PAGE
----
Like most of you, I am shocked and dismayed by what took place at the finish line of the Boston Marathon today. I had been following along with the leaders and then turned my attention to the day ahead here at home. There’s a weird sense of disbelief when you read headlines that speak of senseless violence against innocent people. I read the first few lines of the news reel and felt my eyes fill with tears. What was the point of this? I can’t possibly imagine what those people were thinking and feeling at the moment they realized what was going on around them. To turn a personal triumph into a tragedy in the matter of seconds must have been surreal, heartbreaking.
I’ve never run Boston because I’ve never qualified. It’s one of those bucket list races that as a runner you feel like you must at least attempt to make it to. I have friends that account their qualifying races fondly and those that speak of near misses. I spent most of my adolescence watching my dad train and race to get to the holy grail of running. At the time, being a slacker sailor and ski bum, I didn’t understand the draw. He made it to the start line at the age of 51 after qualifying at the Victoria Marathon. He bought all the swag which he still wears proudly more than a decade later even with that race pretty much marking his retirement from running. Finishing in 3:50:42 gun time would have put him about 20 mins before the first explosions were reported to have gone off today. Would he and my mom been out of the area by then? Who knows. I do know that thinking this way gets you nowhere and just propagates anger, fear and worry.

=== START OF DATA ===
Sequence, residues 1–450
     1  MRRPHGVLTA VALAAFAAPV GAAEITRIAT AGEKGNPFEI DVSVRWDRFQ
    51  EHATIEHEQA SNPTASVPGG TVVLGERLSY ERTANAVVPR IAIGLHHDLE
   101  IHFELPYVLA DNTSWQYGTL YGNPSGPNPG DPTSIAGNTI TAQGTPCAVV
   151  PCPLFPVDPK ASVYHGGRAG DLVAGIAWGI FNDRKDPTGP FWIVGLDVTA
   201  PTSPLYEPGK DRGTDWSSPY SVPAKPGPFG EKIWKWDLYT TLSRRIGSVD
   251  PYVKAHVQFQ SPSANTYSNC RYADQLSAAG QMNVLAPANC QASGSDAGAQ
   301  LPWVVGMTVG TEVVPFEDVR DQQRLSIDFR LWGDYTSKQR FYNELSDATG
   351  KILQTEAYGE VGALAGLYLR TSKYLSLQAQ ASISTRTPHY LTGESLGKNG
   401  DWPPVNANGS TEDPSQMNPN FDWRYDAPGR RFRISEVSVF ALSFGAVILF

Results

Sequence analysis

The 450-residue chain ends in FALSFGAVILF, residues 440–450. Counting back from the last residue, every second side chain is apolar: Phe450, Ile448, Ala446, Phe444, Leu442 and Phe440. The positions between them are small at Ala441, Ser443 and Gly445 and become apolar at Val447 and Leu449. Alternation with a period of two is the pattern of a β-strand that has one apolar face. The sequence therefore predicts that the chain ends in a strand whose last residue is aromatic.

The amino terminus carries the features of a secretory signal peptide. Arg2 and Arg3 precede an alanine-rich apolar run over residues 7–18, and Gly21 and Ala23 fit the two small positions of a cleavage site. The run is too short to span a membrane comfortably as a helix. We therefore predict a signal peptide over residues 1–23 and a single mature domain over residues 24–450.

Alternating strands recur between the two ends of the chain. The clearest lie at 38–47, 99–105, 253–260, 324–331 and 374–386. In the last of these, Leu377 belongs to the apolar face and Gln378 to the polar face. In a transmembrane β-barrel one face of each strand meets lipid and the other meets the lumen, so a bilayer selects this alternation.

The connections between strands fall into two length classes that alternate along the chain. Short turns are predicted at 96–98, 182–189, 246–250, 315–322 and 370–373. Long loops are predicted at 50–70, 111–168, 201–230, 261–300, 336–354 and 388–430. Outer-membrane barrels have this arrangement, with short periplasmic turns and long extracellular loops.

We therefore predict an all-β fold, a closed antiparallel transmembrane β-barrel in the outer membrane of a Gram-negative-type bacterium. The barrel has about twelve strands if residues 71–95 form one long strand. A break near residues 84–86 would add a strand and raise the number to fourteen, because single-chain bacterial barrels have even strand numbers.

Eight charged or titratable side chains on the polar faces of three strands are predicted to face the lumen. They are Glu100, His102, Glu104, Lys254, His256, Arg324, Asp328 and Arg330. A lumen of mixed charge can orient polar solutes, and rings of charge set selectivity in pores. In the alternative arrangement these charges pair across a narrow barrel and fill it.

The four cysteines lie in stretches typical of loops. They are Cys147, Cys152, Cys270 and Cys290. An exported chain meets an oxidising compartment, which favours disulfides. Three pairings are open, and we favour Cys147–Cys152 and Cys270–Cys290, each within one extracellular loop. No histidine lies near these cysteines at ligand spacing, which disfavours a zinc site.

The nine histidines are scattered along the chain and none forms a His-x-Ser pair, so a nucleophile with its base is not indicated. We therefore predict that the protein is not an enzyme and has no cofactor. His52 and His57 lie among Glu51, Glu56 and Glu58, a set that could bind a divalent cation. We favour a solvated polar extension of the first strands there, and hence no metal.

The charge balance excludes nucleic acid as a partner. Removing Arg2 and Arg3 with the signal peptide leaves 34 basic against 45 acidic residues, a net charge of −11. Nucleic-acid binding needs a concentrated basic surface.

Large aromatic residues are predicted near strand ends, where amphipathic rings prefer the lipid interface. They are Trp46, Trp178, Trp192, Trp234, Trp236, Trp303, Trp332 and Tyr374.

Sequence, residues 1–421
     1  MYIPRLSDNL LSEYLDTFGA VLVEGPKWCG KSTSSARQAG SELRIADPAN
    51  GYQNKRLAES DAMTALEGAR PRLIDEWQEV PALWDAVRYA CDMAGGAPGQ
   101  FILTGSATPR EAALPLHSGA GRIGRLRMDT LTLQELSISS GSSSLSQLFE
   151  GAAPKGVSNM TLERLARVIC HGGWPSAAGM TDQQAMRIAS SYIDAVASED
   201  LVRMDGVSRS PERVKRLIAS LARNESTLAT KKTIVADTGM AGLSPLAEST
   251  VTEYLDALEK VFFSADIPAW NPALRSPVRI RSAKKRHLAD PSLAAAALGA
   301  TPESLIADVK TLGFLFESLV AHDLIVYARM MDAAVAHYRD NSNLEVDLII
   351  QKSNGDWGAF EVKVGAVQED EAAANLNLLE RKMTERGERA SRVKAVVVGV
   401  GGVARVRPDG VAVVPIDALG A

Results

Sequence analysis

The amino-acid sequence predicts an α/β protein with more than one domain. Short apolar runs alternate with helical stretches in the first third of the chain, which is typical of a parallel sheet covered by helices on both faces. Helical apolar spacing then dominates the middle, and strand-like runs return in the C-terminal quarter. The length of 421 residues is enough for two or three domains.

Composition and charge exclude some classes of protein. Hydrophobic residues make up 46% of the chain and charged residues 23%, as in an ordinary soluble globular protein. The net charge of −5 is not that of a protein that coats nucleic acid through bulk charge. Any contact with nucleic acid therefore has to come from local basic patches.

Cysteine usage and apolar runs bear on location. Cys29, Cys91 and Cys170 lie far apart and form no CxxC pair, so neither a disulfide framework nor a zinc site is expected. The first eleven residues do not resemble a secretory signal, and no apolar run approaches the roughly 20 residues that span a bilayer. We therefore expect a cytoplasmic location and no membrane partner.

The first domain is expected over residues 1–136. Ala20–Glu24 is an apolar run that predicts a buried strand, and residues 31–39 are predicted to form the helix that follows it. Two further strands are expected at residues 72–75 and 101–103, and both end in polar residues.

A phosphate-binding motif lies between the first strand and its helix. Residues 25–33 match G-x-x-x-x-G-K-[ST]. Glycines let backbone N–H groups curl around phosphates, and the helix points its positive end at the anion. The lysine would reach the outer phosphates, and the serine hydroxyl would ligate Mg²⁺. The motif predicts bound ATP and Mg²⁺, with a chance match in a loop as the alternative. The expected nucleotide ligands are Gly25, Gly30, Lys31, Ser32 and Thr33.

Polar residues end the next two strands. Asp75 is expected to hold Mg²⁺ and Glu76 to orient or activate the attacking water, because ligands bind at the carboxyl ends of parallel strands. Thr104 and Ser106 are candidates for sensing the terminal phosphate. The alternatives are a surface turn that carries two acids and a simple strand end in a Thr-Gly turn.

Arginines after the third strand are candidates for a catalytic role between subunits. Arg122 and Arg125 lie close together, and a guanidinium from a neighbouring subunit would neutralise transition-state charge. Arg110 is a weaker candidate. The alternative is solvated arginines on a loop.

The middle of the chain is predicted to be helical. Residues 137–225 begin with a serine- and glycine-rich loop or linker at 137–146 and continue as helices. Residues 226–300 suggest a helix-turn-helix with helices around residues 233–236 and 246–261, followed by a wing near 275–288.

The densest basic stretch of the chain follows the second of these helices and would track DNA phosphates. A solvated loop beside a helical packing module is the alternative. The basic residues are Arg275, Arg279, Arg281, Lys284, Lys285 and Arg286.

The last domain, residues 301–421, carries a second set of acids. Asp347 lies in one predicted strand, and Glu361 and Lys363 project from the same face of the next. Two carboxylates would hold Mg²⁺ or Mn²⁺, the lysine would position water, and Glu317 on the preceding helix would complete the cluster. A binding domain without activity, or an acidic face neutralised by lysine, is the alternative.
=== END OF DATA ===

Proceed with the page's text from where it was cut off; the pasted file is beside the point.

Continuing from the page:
There is now a standing wager in our family. If one of his kids qualifies for Boston he will take up running again. For a while that wager was carried by only myself. I gave it one shot and since 2007 haven’t laced up on an open marathon to try again. It just wasn’t my thing. He’s probably about to start digging out those old running shoes though as my sister will race her second marathon on May 5th in Vancouver. Her goal is to make the BQ time of 3:35, I think she’ll smash it and ole dad will have to hit the pavement once again. She will be triumphant and I will be at the finish line to welcome her back. I’ll admit, I’m scared. Scared that this could happen to our city too, but we can’t let these people take our sport and make us fear our own cities. I hope people keep running this race and who knows, maybe I’ll make an attempt to get to that start line one day. I hope you all keep running and racing, it’s who we are and what we do. Don’t let anyone take that from you.
Now if you excuse me, I’m going home to snuggle my hubby and rub my little buddy in my belly.